Translate this page to:
In JoVE (1)
Other Publications (13)
- Analytical and Bioanalytical Chemistry
- Journal of Pharmaceutical and Biomedical Analysis
- Journal of Agricultural and Food Chemistry
- Analytical Sciences : the International Journal of the Japan Society for Analytical Chemistry
- Analytical and Bioanalytical Chemistry
- Analytical and Bioanalytical Chemistry
- Angewandte Chemie (International Ed. in English)
- Applied Optics
- Molecular Biology Reports
- Cancer Research
- International Journal for Quality in Health Care : Journal of the International Society for Quality in Health Care / ISQua
Articles by Shuang Hou in JoVE
Microwave-assisted One-pot Synthesis of N-succinimidyl-4-[18F]fluorobenzoate ([18F]SFB)
Shuang Hou*1,2,3, Duy Linh Phung*1,2,3, Wei-Yu Lin1,2,3, Ming-wei Wang4, Kan Liu5, Clifton Kwang-Fu Shen1,2,3
1Department of Molecular and Medical Pharmacology, David Geffen School of Medicine, University of California at Los Angeles, 2Crump Institute for Molecular Imaging, David Geffen School of Medicine, University of California at Los Angeles, 3California NanoSystems Institute, University of California at Los Angeles, 4Nuclear Medicine, PET Center, Shanghai Medical Collegea, Fudan University, 5Electronics and Information Engineering, College of Electronics and Information Engineering, Wuhan Textile University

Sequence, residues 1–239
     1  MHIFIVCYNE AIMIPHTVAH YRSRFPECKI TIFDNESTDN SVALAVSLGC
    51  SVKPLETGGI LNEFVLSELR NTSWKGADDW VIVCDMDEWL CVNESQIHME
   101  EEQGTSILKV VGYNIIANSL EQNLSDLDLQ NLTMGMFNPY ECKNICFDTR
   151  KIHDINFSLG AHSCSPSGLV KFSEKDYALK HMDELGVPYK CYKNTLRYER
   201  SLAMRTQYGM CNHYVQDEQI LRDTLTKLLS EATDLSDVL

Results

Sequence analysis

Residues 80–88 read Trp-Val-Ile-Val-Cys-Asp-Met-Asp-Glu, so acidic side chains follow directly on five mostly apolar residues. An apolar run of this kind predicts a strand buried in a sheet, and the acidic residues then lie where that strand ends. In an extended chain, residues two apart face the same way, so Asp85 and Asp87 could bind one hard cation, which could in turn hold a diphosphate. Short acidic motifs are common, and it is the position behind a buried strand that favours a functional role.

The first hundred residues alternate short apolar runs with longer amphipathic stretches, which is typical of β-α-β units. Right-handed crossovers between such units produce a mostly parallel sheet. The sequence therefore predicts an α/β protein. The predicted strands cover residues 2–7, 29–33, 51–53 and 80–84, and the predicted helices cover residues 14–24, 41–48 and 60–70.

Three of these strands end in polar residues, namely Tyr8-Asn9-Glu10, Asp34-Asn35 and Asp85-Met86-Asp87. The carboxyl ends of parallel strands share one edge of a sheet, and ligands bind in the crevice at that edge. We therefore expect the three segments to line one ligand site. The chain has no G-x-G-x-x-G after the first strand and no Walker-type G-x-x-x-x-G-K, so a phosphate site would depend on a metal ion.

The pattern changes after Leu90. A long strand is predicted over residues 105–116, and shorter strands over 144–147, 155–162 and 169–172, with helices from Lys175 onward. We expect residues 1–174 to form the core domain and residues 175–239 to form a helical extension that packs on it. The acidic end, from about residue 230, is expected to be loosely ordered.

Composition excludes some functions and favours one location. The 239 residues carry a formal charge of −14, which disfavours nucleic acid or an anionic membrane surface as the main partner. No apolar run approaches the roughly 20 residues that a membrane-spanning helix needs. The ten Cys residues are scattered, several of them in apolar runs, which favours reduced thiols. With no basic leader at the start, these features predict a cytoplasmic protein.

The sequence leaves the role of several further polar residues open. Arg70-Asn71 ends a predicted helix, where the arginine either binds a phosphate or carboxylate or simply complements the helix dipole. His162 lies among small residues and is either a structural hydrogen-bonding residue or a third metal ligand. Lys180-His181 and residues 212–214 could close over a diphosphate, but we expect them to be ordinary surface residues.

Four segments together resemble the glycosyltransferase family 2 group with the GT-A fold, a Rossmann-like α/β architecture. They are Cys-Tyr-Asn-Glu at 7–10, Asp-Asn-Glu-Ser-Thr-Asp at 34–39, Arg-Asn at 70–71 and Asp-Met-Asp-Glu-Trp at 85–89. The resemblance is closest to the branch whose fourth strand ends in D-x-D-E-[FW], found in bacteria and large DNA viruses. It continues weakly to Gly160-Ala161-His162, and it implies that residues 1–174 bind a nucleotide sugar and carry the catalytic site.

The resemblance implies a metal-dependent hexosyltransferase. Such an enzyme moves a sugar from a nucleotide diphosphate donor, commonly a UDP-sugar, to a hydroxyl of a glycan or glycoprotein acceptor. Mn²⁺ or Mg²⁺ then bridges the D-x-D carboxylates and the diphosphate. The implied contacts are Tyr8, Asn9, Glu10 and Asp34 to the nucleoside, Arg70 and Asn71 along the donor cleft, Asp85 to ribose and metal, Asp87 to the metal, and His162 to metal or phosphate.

A facile, one-pot synthesis of N-succinimidyl-4-[18F]fluorobenzoate ([18F]SFB) was developed based on a non-aqueous, three-step radiochemical process. Using microwave heating, the entire procedure can be completed in less than 30 min, or 60 min with further purification by preparative HPLC. The decay-corrected radiochemical yields (RCYs) were 35-5% (n > 30).
Other articles by Shuang Hou on PubMed
Chemiluminescence Assay for Uric Acid in Human Serum and Urine Using Flow-injection with Immobilized Reagents Technology
Analytical and Bioanalytical Chemistry. Jan, 2002 | Pubmed ID: 11936107
A novel chemiluminescence (CL) flow sensor for the determination of uric acid in human urine and serum has been developed by using controlled-reagent-release technology. The reagents involved in the chemiluminescence (CL) reaction, luminol and periodate, are immobilized on anion-exchange resin packed in a column. After injection of water, chemiluminescence generated by released luminol and periodate in alkaline media is inhibited in presence of uric acid. By measuring the decreased chemiluminescence (CL) intensity the uric acid is sensed. The decreased response is linear in the 5.0-500.0 ng mL(-1) range, with a detection limit of 1.8 ng mL(-1). The flow sensor showed remarkable operational stability and could be easily reused for over 80 h with sampling frequency of 100 h(-1). The proposed sensor was applied to the determination of uric acid in human urine and serum, and monitoring metabolic uric acid in human urine with RSD less than 3.0%.